An international effort towards developing standards for best practices in analysis, interpretation and reporting of clinical genome sequencing results in the CLARITY Challenge

Catherine A. Brownstein, Alan H. Beggs, Nils Homer, Barry Merriman, Timothy W. Yu, Katherine C. Flannery, Elizabeth T. DeChene, Meghan C. Towne, Sarah K. Savage, Emily N. Price, Ingrid A. Holm, Lovelace J. Luquette, Elaine Lyon, Joseph Majzoub, Peter Neupert, David McCallie, Peter Szolovits, Huntington F. Willard, Nancy J. Mendelsohn, Renee TemmeRichard S. Finkel, Sabrina W. Yum, Livija Medne, Shamil R. Sunyaev, Ivan Adzhubey, Christopher A. Cassa, Paul I.W. De Bakker, Hatice Duzkale, Piotr Dworzyński, William Fairbrother, Laurent Francioli, Birgit H. Funke, Monica A. Giovanni, Robert E. Handsaker, Kasper Lage, Matthew S. Lebo, Monkol Lek, Ignaty Leshchiner, Daniel G. MacArthur, Heather M. McLaughlin, Michael F. Murray, Tune H. Pers, Paz P. Polak, Soumya Raychaudhuri, Heidi L. Rehm, Rachel Soemedi, Nathan O. Stitziel, Sara Vestecka, Jochen Supper, Claudia Gugenmus, Bernward Klocke, Alexander Hahn, Max Schubach, Mortiz Menzel, Saskia Biskup, Peter Freisinger, Mario Deng, Martin Braun, Sven Perner, Richard J.H. Smith, Janeen L. Andorf, Jian Huang, Kelli Ryckman, Val C. Sheffield, Edwin M. Stone, Thomas Bair, E. Ann Black-Ziegelbein, Terry A. Braun, Benjamin Darbro, Adam P. DeLuca, Diana L. Kolbe, Todd E. Scheetz, Aiden E. Shearer, Rama Sompallae, Kai Wang, Alexander G. Bassuk, Erik Edens, Katherine Mathews, Steven A. Moore, Oleg A. Shchelochkov, Pamela Trapane, Aaron Bossler, Colleen A. Campbell, Jonathan W. Heusel, Anne Kwitek, Tara Maga, Karin Panzer, Thomas Wassink, Douglas Van Daele, Hela Azaiez, Kevin Booth, Nic Meyer, Michael M. Segal, Marc S. Williams

Research output: Journal article publicationJournal articleAcademic researchpeer-review

79 Citations (Scopus)


Background: There is tremendous potential for genome sequencing to improve clinical diagnosis and care once it becomes routinely accessible, but this will require formalizing research methods into clinical best practices in the areas of sequence data generation, analysis, interpretation and reporting. The CLARITY Challenge was designed to spur convergence in methods for diagnosing genetic disease starting from clinical case history and genome sequencing data. DNA samples were obtained from three families with heritable genetic disorders and genomic sequence data were donated by sequencing platform vendors. The challenge was to analyze and interpret these data with the goals of identifying disease-causing variants and reporting the findings in a clinically useful format. Participating contestant groups were solicited broadly, and an independent panel of judges evaluated their performance. Results: A total of 30 international groups were engaged. The entries reveal a general convergence of practices on most elements of the analysis and interpretation process. However, even given this commonality of approach, only two groups identified the consensus candidate variants in all disease cases, demonstrating a need for consistent fine-tuning of the generally accepted methods. There was greater diversity of the final clinical report content and in the patient consenting process, demonstrating that these areas require additional exploration and standardization. Conclusions: The CLARITY Challenge provides a comprehensive assessment of current practices for using genome sequencing to diagnose and report genetic diseases. There is remarkable convergence in bioinformatic techniques, but medical interpretation and reporting are areas that require further development by many groups.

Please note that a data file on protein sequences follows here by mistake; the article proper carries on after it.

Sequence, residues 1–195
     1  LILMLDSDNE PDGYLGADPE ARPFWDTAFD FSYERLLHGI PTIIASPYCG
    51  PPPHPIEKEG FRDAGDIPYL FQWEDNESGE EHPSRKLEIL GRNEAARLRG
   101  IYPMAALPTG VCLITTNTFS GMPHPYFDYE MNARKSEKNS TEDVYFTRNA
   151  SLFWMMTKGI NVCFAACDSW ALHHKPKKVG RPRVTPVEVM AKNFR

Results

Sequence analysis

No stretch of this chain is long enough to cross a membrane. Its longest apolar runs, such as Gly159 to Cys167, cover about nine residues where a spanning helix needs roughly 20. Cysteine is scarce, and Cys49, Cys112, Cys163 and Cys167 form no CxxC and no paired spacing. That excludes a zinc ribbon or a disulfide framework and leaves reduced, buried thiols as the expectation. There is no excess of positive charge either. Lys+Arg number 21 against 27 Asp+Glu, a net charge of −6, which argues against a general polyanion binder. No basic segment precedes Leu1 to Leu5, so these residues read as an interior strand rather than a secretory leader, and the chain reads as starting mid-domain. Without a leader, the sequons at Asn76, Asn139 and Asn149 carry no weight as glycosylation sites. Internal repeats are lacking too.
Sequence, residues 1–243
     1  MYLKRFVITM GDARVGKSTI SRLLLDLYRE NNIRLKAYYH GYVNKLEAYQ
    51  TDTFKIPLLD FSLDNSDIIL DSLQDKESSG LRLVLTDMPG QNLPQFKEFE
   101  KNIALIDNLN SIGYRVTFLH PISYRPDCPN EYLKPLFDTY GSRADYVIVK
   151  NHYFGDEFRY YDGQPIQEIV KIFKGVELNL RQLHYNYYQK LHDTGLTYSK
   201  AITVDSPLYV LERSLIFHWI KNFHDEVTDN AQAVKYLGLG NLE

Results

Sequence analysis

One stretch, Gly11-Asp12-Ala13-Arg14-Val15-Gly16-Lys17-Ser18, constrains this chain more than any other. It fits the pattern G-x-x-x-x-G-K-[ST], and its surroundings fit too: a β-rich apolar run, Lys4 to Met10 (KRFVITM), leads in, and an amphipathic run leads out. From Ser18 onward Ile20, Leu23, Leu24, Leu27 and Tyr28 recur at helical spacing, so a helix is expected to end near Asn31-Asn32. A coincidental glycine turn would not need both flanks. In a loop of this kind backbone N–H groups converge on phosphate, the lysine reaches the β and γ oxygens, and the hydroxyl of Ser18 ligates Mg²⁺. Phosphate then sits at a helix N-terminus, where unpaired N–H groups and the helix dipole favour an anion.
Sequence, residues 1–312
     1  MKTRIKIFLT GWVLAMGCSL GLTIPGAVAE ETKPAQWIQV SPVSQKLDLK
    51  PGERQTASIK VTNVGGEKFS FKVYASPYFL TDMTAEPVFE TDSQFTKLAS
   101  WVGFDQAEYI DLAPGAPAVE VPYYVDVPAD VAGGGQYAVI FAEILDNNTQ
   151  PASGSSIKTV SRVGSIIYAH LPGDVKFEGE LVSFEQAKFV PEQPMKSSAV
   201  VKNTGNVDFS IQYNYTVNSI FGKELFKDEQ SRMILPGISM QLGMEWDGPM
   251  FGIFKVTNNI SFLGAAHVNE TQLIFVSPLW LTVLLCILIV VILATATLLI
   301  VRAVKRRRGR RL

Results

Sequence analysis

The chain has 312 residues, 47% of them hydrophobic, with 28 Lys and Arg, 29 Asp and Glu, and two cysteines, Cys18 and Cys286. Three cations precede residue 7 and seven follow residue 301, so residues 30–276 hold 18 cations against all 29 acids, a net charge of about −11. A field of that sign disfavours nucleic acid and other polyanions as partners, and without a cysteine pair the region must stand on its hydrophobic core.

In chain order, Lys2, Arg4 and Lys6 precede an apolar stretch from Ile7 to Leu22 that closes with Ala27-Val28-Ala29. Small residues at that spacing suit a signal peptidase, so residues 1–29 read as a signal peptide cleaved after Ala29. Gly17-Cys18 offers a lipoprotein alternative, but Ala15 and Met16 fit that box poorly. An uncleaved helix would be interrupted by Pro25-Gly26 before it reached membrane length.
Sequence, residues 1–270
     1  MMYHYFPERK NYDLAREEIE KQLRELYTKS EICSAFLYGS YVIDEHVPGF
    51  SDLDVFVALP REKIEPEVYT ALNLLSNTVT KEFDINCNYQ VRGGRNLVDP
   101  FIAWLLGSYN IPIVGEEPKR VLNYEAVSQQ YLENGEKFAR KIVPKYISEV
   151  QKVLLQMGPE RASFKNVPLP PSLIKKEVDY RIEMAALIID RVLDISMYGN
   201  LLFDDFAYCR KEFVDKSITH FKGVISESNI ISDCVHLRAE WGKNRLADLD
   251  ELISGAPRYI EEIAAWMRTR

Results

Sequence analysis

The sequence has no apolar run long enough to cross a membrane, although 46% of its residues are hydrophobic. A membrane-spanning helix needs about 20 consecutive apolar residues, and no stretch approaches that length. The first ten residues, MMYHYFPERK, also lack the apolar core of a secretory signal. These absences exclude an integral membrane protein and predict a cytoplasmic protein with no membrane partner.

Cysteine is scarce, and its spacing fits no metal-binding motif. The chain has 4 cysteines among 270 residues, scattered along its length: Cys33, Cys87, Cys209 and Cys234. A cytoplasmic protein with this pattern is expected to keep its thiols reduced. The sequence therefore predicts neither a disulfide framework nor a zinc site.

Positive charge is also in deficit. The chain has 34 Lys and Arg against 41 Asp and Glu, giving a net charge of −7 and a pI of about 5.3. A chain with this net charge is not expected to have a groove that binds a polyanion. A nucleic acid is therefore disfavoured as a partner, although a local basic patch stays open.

Original languageEnglish
Article numberR53
JournalGenome Biology
Issue number3
Publication statusPublished - 1 Jan 2014
Externally publishedYes

ASJC Scopus subject areas

  • Ecology, Evolution, Behavior and Systematics
  • Genetics
  • Cell Biology

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